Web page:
Ndumu, D., Zecchin, B., Fusaro, A., Arinaitwe, E., Erechu, R., Kidega, E., […], & Monne, I. Highly pathogenic avian influenza H5N8 Clade 2.3.4.4B virus in Uganda, 2017. Infection, genetics and Evolution, 2018 October 17. pii: S1567-1348(18)30508-2. [reference]. In early January 2017, outbreaks of H5N8 HPAI were reported for the first time in wild and domestic birds in central-southern Uganda. The whole-genome phylogenetic analyses revealed that the H5N8 viruses recovered from the outbreak in Uganda belonged to genetic clade 2.3.4.4 group-B and clustered with viruses collected in 2017 in the Democratic Republic of the Congo and in West Africa. Results suggested that infected migratory wild birds might have played a crucial role in the introduction of H5N8 HPAI into this region.


Marchenko, V., Goncharova, N., Susloparov, I., Kolosova, N., Gudymo, A., Svyatchenko, S., […], & Ryzhikov A. Isolation and characterization of H5Nx highly pathogenic avian influenza viruses of clade 2.3.4.4 in Russia. Virology, 2018 October 5;525:216-223. [reference]. In 2016-2017, several subtypes of HPAI virus were isolated on the territory of Russia. Phylogenetic analysis of HA of the A(H5N5), A(H5N8), A(H5N2) showed the strains belong to the clade 2.3.4.4 b. All isolated strains were antigenically closely related to candidate vaccine viruses of clade 2.3.4.4 and showed high virulence in mice. Genetic analysis revealed presence of genetic markers potentially related to high virulence in mice in all studied viruses.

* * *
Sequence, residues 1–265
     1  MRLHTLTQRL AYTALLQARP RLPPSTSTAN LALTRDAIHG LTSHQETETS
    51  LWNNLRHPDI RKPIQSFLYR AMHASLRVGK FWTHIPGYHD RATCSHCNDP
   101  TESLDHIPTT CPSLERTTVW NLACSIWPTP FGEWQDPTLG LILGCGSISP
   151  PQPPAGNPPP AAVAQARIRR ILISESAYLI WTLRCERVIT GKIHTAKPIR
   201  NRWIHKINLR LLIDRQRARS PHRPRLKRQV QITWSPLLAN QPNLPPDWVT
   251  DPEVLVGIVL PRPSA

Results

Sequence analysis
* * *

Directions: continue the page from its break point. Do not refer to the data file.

Lee, M.S., Jang, E.Y., Cho, J., Kim, K., Lee, C.H., & Yi, H. Development and comparison of two H5N8 influenza A vaccine candidate strains. Archives of Virology, 2018 October 5. [reference]. In this study, the authors generated H5N8 vaccine candidate viruses based on a Korean isolate. An H5N8 vaccine candidate virus containing the bi-basic amino acid cleavage motif showed attenuated pathogenesis in embryonated eggs and exhibited less virulence in the infected mice compared with the wild H5N8 virus containing a multi-basic amino acid cleavage motif. Vaccination with an inactivated preparation of the vaccine candidate virus protected mice from lethal H5N8 viral challenge.

 

Recommendations for affected countries and those at risk

Please refer to the Update published on 11 October 2017 for a list of recommendations.